Even though he had some tumultuous times early on in his NHL career, Patrick Kane has grown into a respected leader on and off the ice. As the 33-year-old’s time with Chicago may soon be nearing an end with the Blackhawks in a rebuild, it’s important to look back not on just Kane’s accomplishments but at the man himself.
Kane Helped Blackhawks Snap a Long Championship Drought
Blackhawks bettors had very lucrative times at the Vegas online casino when Kane and Jonathan Toews were skating their way to Stanley Cup Championships in 2010, 2013, and 2015. Those wins were the first time the Blackhawks had hoisted the Cup since 1961, a long drought for an original six team.
Kane was not just on the Stanley Cup winning team of 2010, he scored the game-winning goal in OT to give the Blackhawks the series and snap their 49-year drought. He also took home the Conn Smythe Trophy as the most valuable player of the Stanley Cup Finals in 2013.
Kane Appeared on a Hockey Card at a Very Young Age
Hockey officials knew Kane was going to be a star at a young age. In fact, they put him on a trading card when he was just six years old. Well, they didn’t put him on there on purpose, as Kane was caught in the background sitting in the front row on his father’s lap during a Senators at Sabres game.
The trading card was actually for Sylvain Turgeon, who, like Kane, was a member of his own all-rookie team. Kane would go on to tie – and then move well past – Turgeon’s 269 career goals.
St. Louis Came Hard for Kane at the Draft
#1 picks in other major sports are no sure things. Players like Tim Couch and Jamarcus Russell in the NFL or Michael Olowokandi and Anthony Bennett in the NBA became more infamous for their careers than famous.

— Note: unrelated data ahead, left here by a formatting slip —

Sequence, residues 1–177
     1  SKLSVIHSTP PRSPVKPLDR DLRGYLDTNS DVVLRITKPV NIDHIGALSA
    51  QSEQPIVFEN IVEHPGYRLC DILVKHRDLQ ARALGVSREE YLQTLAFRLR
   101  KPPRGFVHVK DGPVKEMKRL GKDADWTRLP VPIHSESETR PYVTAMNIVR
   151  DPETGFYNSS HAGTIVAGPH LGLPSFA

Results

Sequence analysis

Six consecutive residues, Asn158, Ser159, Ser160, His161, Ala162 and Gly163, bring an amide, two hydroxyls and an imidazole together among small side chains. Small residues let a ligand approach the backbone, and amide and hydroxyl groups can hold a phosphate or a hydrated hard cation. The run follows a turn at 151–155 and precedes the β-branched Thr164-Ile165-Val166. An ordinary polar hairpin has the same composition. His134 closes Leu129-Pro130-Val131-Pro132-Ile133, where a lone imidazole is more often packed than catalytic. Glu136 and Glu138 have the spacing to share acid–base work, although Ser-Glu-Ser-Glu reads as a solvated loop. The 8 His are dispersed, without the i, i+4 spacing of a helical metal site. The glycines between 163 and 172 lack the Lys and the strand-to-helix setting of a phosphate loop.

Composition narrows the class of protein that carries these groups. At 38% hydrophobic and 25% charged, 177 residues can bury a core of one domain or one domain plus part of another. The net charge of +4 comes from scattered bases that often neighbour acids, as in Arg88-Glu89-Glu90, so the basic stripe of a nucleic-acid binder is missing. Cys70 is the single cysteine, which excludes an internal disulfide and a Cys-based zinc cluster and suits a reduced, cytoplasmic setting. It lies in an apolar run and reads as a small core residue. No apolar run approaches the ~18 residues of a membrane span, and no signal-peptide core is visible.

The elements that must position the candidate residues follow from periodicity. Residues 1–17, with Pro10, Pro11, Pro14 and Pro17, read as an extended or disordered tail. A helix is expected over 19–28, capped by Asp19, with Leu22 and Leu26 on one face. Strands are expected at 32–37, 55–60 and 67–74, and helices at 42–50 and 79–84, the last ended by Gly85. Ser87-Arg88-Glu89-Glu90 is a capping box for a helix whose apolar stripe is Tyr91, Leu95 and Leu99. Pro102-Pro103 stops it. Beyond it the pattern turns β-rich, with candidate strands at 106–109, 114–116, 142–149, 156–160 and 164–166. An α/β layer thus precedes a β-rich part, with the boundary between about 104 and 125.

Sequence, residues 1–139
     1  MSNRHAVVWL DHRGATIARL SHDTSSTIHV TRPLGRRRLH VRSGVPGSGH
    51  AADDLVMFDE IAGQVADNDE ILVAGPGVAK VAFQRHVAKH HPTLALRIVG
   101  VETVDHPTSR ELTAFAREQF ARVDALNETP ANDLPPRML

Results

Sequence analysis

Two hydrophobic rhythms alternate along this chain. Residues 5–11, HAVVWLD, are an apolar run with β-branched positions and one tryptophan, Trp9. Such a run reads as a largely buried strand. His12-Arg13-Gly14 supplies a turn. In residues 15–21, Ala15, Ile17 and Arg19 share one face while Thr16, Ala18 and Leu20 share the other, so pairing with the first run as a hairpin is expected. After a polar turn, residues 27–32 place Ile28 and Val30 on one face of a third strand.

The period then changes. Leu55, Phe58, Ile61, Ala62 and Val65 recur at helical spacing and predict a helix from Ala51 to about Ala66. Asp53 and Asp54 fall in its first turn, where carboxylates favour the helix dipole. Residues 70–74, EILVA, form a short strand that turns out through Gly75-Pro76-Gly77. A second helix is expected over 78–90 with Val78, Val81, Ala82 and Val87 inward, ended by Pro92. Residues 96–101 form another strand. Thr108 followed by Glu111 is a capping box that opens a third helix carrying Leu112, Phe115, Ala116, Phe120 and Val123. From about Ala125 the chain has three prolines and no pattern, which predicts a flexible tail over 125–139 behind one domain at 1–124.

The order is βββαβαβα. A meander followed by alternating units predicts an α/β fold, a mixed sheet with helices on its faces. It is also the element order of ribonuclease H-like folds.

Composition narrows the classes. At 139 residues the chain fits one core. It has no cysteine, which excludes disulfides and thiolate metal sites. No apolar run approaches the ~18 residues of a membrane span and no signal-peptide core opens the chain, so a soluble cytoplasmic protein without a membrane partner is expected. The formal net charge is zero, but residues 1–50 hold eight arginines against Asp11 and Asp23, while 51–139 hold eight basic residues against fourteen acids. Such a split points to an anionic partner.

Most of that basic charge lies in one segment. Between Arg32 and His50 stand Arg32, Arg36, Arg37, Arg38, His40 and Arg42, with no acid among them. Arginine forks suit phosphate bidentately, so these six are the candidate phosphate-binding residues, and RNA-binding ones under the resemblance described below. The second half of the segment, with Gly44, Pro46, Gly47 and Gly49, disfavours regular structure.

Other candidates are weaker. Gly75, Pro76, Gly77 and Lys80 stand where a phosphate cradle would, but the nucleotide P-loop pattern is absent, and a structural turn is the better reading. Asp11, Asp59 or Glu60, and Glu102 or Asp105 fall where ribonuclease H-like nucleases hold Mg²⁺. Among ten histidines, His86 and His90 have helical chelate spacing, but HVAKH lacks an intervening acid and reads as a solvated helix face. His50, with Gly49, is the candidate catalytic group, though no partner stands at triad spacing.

Hockey is a bit different, as many franchises have been completely turned around by a #1 pick that went on to be a start. Sidney Crosby, Steven Stamkos, Nathan Mackinnon, Connor McDavid, and Auston Matthews are some of the recent #1 picks that are on track to be first-ballot hall-of-famers.
Chicago doesn’t regret taking Kane #1 at all, as his selection led to three Stanley Cup championships. It also had to be hard for Chicago management to turn down an offer of three first-round picks from the St. Louis Blues, who wanted to move up and grab Kane. The Hawks stayed firm, and the Blues had to settle for Lars Eller, Ian Cole, and David Perron in that draft.
The Best American Born NHL Player of All-Time?
While Auston Matthews may have a say in things before it’s all said and done, and some great could always come along in the future, it’s widely accepted that Kane will go down as the greatest American-born hockey player of all time.
Kane got his resume for greatest U.S.-born hockey player ever going early when the Buffalo, N.Y. native became the first American to win the Calder Trophy for the league’s top rookie. Interestingly enough, Kane had to beat out his teammate Jonathan Toews for the award, but his 72 points in 81 games ensured the race was never really that close.
There are many more things on the resume for Kane’s claim as the greatest American hockey player. Kane became the first U.S.-born player to win the Art Ross Trophy as the leading scorer and the Hart Trophy as the league MVP. He also has the longest consecutive point streak by an American at 26 games, falling well short of Wayne Gretzky’s 51-game mark.
Opponents Shouldn’t Fire Him Up
Kane has evolved into one of the most well-rounded hockey players ever, but early in his career defenseman Willie Mitchell told the media that Kane was just a power play and shootout specialist and that he couldn’t play five-on-five. Kane went on to score a hat trick as the Blackhawks eliminated Mitchell’s Canucks from the playoffs in 2009.